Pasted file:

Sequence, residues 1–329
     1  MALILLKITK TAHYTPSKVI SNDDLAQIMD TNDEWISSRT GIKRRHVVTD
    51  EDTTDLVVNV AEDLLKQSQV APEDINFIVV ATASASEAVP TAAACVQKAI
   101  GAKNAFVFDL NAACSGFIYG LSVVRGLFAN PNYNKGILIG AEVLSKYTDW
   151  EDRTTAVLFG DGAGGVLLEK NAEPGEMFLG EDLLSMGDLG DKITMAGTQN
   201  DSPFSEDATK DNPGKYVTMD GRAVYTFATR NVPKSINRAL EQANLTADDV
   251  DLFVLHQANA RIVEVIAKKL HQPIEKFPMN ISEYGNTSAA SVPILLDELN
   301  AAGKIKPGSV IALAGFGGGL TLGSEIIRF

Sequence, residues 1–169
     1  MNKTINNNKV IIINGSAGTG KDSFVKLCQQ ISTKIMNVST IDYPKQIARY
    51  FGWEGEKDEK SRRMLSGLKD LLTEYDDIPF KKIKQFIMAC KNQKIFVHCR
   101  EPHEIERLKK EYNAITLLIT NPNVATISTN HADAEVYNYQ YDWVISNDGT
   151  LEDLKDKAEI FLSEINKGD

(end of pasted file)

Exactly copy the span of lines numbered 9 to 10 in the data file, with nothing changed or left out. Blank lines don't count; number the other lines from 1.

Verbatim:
Sequence, residues 1–169
     1  MNKTINNNKV IIINGSAGTG KDSFVKLCQQ ISTKIMNVST IDYPKQIARY